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Date: Wed, 9 Sep 2015 12:36:01 -0400
From: Zack Weinberg <zackw@...ix.com>
To: gcc@....gnu.org, llvmdev@...uiuc.edu,
 GNU C Library <libc-alpha@...rceware.org>, musl@...ts.openwall.com
Subject: Compiler support for erasure of sensitive data

Over the past couple months I have been working on adding a function to
glibc for erasure of sensitive data after it's used. This function
already exists in various other libraries under various names --
explicit_bzero, explicit_memset, SecureZeroMemory, memset_s,
OPENSSL_cleanse, etc -- and the problem it solves is, in this code:

    void encrypt_with_phrase(const char *phrase, const char *in,
                             char *out, size_t n)
    {
        char key[16];
        genkey(phrase, key);
        encrypt(key, in, out, n);
        memset(key, 0, 16);
    }

the compiler is entitled to delete the final call to memset, on the
grounds that `key` is dead after the call, so no conforming C program
can access that memory to prove that it has been cleared. However, a
crash dump, a debugger, or a plain old bug in the program might expose
that region of the stack to prying eyes. This is listed at
https://cwe.mitre.org/data/definitions/14.html as a "common weakness".
explicit_bzero (under whatever name) is just bzero with an additional,
documented guarantee that the compiler will not optimize it out even
if the memory region is dead afterward.  To further underline that
this is a common scenario, there are 152 uses of either
OPENSSL_cleanse or explicit_bzero in libressl 2.2.3 (they appear to be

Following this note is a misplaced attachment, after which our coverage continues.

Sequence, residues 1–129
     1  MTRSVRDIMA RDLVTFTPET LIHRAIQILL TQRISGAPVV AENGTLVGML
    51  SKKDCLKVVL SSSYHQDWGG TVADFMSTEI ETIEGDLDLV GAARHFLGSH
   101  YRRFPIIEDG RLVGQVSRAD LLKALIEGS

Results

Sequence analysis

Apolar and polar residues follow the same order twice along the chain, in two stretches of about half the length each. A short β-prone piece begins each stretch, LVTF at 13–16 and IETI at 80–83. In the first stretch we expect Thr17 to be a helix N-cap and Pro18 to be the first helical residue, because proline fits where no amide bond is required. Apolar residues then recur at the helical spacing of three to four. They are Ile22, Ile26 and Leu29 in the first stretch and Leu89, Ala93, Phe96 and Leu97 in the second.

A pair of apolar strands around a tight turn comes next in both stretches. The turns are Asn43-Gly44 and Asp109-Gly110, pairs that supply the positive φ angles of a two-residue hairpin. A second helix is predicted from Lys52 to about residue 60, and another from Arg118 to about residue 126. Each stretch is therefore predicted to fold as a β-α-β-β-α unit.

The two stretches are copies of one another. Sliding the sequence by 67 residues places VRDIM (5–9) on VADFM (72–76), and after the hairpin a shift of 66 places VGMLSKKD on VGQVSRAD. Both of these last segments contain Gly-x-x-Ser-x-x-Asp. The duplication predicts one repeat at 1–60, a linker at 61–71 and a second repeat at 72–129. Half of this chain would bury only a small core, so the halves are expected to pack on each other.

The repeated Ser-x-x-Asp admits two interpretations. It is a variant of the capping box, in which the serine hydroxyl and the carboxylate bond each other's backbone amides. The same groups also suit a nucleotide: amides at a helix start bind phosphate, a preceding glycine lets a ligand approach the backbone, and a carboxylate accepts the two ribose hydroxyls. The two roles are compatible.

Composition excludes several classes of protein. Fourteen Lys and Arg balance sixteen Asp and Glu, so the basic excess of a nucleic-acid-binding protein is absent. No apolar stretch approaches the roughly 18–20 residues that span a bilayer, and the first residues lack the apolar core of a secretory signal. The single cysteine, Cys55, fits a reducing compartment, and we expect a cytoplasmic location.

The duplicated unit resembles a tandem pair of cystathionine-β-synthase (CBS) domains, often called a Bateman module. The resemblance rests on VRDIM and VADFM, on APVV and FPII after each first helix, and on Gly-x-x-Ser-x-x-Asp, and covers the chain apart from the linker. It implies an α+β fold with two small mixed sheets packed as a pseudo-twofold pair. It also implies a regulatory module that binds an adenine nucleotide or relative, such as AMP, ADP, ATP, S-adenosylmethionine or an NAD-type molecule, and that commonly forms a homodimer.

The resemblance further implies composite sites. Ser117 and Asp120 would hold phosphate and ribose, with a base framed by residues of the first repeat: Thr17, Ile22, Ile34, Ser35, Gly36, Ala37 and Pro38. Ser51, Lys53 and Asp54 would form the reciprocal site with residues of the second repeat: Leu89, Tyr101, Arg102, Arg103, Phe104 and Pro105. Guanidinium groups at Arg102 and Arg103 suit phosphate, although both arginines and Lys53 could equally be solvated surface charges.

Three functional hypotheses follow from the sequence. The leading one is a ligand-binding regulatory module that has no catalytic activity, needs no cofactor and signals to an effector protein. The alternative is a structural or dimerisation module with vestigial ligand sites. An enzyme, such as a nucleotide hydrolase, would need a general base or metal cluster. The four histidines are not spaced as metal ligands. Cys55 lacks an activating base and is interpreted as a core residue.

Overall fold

in the middle of changing the name).

During development of my patches, we encountered two problems which
cannot be fully resolved without compiler assistance, so I want to
open a conversation about getting that assistance added to GCC and
Clang.

The first, simpler problem is strictly optimization.  explicit_bzero
can be optimized to memset followed by a vacuous use of the memory
region (generating no machine instructions, but preventing the stores
from being deleted as dead); this is valuable because the sensitive
data is often small and fixed-size, so the memset can in turn be
replaced by inline code.  (This also facilitates implementation of
-D_FORTIFY_SOURCE checks for explicit_bzero.)  Again looking at
libressl, 92 of those 152 uses are improved by a crude version of this
optimization:

    void explicit_bzero(void *, size_t);
    extern inline __attribute__((gnu_inline, always_inline))
    void explicit_bzero_constn(void *ptr, size_t len)
    {
      typedef struct {char x[len];} memblk;
      memset(ptr, 0, len);
      asm("" : : "m" (*(memblk __attribute__((may_alias)) *)ptr));
    }
    #define explicit_bzero(s, n)                          \
      (__extension__(__builtin_constant_p(n) && (n) > 0   \
                     ? explicit_bzero_constn(s, n)        \
                     : explicit_bzero(s, n)))

I call this "crude" because it only works in GCC, when compiling C,
and when the length parameter is compile-time constant.  GCC issues no
error for this code when 'len' is not compile-time constant, but it is
not documented to work reliably.  When compiling C++, GCC does not
accept a structure containing an array whose size is not *lexically*
constant; even if the body of explicit_bzero_constn is moved into the
macro so that the whole thing is guarded by __builtin_constant_p,
using explicit_bzero with a non-constant size will cause a compile
error.  The same is true for Clang whether compiling C or C++.

This problem could be solved with a very simple feature addition:

    extern inline __attribute__((gnu_inline, always_inline))
    void explicit_bzero(void *ptr, size_t len)
    {
      memset(ptr, 0, len);
      __builtin_use_memory(ptr, len);
    }

where __builtin_use_memory compiles to no machine instructions, but is
treated as a non-deletable use of all LEN bytes starting at PTR,
whether or not LEN is constant.